Perfection is indefinable yet undisputed. We, as human beings, are perfect. We were created in perfect proportion and are perfectly equipped for what we are here to do. Every perceived imperfection is actually simply an opportunity for growth – either bringing us room to grow or, more challenging, room to love ourselves perfectly. The true perfection lies not in something tangible, but in the balance available to us. Where there is fear, there is courage, where there is doubt there is the ever present truth, where there is heartache there is always joy, where there is despair there is always hope and in the midst of cacophony, a moment of perfect silence.
Perfection, when seen in the rear view mirror of life, is very clear and brings many lessons that are, sadly, too often forgotten too soon. Retrospect is a wonderful thing, for it will often reveal how stalling the car at the stop street was perfectly timed to save your life from an oncoming truck, arriving early for a function was perfect as it allowed you to meet someone who has the potential to bring change to your life, buying a vehicle which everyone advised you against turned out perfect for your current circumstances.
We so often hear people speak of such experiences, only to hear them stressing and fussing about future choices, deliberating over unknown facts regarding major decisions, lying awake at night not knowing what to do next, conjuring up demons that do not even exist.
Perfection projected into the future can bring hope, vision and motivation – but it can also create immense tension, fear, worry and uncertainty. The majority of us can describe our ‘perfect’ home, car, child, friend . . . the list goes on. In doing this, we place into the world an expectation that immediately creates limitation, supposes conditions that need to be met and standards to be attained.
Our perception of the ego and our perception of perfection is very often intertwined – and can cause tremendous unhappiness if we are not careful. The ego is a beautiful thing – if it is seen as ‘everything good is owned’.  If we can own all that is good about us, even that which we do not like, we will be so much more likely to accept accountability for our lives and our own happiness, for we will then truly become conscious co-creators of that happiness. We will have so much more time available to ourselves, time previously spent complaining about and lamenting all our faults – shortcomings that we believe we have rather than accepting that we are perfect, exactly as we are in the moment, and that our reality will change the moment we change our beliefs.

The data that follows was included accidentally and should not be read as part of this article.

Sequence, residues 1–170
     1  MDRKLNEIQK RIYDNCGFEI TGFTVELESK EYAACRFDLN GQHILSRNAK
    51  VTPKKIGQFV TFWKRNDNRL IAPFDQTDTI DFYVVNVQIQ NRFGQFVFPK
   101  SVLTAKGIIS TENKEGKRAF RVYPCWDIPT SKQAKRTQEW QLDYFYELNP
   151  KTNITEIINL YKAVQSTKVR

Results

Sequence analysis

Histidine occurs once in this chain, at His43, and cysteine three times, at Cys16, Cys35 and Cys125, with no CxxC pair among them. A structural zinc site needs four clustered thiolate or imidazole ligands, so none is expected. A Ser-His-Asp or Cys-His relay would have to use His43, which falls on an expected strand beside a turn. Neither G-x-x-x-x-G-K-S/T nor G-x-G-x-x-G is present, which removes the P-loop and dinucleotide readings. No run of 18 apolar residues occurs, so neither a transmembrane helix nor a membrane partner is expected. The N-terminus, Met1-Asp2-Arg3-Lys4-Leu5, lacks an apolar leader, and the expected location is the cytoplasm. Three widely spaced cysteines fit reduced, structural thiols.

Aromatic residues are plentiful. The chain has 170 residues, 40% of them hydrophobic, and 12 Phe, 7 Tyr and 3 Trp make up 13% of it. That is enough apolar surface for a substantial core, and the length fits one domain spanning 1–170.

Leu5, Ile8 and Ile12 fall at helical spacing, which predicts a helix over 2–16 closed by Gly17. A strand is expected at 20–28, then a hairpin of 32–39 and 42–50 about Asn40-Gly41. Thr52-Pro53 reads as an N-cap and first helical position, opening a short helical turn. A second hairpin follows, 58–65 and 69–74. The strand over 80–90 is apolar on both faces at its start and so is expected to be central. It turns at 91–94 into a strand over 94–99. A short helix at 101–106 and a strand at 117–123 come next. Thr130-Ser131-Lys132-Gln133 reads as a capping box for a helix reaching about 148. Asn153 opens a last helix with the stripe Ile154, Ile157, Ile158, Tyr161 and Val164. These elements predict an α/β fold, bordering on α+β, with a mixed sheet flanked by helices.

As long as we buy into the concept of ‘everything good is outside’, we are in service of the ego, rather than the other way around. Then our ego gets the better of us and we seek perfection around us. When this happens, we find ourselves flawed and, in the search of perfection, the vicious circle of loss, imperfection and failure is created.
The concept of living in the moment is not one that I am always comfortable with. There are many things that I appreciate about the past – and I do not believe we should give it too much power, but I do believe we should find our power in the lessons of the past – and if we were to see everything and everyone as perfect beings, we will know that it or they brought powerful lessons that would be perfect catalysts for change if we acknowledge and allow it to be. In that sense, we should allow the view in the rear mirror to be small and fading – for the moment we recognize the lessons in any given situation or person, we can let the pain and restriction go.